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The Moving Finger

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Author: E. Phillips Oppenheim (Anthony Partridge)
Published: 1911
Language: English
Wordcount: 73,576 / 215 pg
Flesch-Kincaid Reading Ease: 80
LoC Category: PS
Downloads: 2,298
Added to site: 2009.12.31 26158

A mystifying story dealing with a wealthy M.P.'s experiment with a poor young man. The tale pulsates with life and is truly startling in some of its revelations. (Also published with the title The Falling Star).

Show Excerpt

isn't a thread of gold down there in the valley."

The boy obeyed almost mechanically. His heart was beating fast. His back was pressed against the cold rock. The fingers of both hands were nervously buried in the soft turf. Once more his eyes were riveted upon this land of shifting shadows. The whole panorama of life seemed suddenly unveiled before his eyes. More real, more brilliant now were the things upon which he looked. The thread of gold was indeed there!



Bertrand Saton leaned against the stone coping of the bridge, and looked downwards, as though watching the seagulls circling round and round, waiting for their usual feast of scraps. The gulls, however, were only his excuse. He stood there, looking hard at the gray, muddy water beneath, trying to make up his mind to this final and inevitable act of despair. He had walked the last hundred yards almost eagerly. He had told himself that he was absolute

Reader Reviews

Average Rating of 1 from 1 reviews: *

As the blurb above says, this is the story of a wealthy MP’s experiment with a young man. The MP (who’s also a knight and a wealthy landowner) is walking his estate when he happens across the boy, and after a conversation, takes it into his head to give the boy money and see what he’ll make of himself. Unfortunately, he also tells the boy that if he fails, he’d be better off killing himself, and that is the fatal flaw in the scheme. Years later, the boy, now a young man, turns up again, educated, well-dressed and wealthy. However, there’s an air of suspicion about those missing years, and his benefactor takes an immediate dislike to him.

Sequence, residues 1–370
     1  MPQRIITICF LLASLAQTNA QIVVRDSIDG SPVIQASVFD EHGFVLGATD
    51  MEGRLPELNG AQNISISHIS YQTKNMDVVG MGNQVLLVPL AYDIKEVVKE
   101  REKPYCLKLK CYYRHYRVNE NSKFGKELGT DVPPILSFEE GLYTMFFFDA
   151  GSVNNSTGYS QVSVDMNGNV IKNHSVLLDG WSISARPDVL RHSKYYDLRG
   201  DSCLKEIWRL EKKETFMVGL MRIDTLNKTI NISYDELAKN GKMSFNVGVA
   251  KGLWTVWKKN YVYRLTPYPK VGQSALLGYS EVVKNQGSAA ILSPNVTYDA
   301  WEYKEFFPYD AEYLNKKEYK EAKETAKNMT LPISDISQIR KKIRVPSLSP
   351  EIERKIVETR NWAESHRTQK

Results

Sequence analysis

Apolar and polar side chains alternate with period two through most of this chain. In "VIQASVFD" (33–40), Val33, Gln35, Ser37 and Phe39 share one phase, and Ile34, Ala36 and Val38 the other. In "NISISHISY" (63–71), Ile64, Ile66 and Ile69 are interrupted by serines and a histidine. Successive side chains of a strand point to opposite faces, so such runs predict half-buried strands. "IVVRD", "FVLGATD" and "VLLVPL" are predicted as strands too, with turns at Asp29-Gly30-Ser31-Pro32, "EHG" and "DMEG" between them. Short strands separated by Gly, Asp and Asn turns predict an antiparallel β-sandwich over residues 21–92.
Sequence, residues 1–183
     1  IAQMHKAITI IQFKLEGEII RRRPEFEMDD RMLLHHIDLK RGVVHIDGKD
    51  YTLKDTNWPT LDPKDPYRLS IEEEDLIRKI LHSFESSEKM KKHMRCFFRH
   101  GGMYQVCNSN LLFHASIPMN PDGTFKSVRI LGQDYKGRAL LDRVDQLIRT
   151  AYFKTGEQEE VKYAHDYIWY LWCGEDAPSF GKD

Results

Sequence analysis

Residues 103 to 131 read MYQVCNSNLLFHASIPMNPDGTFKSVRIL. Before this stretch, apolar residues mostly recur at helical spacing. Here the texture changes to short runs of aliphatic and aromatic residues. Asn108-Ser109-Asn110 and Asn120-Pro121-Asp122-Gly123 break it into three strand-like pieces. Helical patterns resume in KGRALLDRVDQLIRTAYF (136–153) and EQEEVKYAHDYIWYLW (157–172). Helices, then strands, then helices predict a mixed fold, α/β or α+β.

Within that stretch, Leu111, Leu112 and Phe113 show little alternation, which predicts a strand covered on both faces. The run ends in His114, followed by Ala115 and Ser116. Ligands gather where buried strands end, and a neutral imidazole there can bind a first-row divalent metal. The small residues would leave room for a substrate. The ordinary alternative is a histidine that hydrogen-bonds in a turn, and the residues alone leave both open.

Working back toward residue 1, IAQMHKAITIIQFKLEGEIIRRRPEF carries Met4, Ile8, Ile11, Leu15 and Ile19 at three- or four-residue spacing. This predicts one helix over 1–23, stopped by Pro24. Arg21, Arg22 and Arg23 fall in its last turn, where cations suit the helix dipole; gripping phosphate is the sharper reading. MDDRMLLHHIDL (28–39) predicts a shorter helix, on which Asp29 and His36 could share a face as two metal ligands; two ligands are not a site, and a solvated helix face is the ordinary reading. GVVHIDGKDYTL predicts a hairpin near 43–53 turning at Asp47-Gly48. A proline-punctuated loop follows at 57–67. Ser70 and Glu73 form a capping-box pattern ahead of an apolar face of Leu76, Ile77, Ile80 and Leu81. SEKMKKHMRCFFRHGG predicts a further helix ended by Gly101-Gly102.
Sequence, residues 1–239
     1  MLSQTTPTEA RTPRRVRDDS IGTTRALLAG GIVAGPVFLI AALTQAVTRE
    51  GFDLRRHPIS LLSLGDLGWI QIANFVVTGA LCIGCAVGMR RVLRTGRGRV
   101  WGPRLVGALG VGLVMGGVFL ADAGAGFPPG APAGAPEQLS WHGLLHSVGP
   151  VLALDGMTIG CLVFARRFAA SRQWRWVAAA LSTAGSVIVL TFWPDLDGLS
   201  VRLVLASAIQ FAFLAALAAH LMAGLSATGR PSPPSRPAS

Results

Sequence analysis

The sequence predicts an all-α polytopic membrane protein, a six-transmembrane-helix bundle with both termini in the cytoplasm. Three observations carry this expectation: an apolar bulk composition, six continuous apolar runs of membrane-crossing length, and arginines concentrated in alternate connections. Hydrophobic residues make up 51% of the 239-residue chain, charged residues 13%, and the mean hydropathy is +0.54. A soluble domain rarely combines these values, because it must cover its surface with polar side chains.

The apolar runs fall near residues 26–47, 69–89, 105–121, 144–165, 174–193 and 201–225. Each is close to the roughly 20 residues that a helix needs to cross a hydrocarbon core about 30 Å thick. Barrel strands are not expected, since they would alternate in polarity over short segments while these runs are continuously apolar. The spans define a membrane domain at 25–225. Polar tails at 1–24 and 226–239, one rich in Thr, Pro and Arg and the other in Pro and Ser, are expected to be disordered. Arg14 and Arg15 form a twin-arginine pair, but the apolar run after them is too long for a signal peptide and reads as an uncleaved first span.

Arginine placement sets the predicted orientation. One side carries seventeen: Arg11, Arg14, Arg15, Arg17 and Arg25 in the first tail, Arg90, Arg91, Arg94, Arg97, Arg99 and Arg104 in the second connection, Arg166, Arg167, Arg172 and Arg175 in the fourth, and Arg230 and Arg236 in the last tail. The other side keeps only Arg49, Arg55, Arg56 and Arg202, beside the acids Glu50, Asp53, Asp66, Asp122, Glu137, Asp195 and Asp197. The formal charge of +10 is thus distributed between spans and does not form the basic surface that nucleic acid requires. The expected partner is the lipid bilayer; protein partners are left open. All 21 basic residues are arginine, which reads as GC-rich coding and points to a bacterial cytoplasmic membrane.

The book has a strong background of occultism, a major craze of the time, which is quite interesting. Apart from that, I didn’t really like it much. I found it very slow going, and it just didn’t click with me. There weren’t many ‘startling revelations’ either. None of the characters were particularly sympathetic, and none of the love affairs (apart from Lois’s) rang true.



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Author of the Day

Lorhainne Eckhart
A recipient of the 2013, 2015 and 2016 Readers’ Favorite Award for Suspense and Romance, Lorhainne lives on the sunny west-coast Gulf Island of Salt Spring Island, is the mother of three, her oldest has autism and she is an advocate for never giving up on your dreams. She is frequently a Top 100 bestselling author in multiple genres, and we expect that her The Outsider Series: The Complete Omnibus will also follow suit. As our Author of the Day, Eckhart talks about the Friessen men from her books, reveals which book in the omnibus was her personal favorite and talks about how important it is to schedule time to write.
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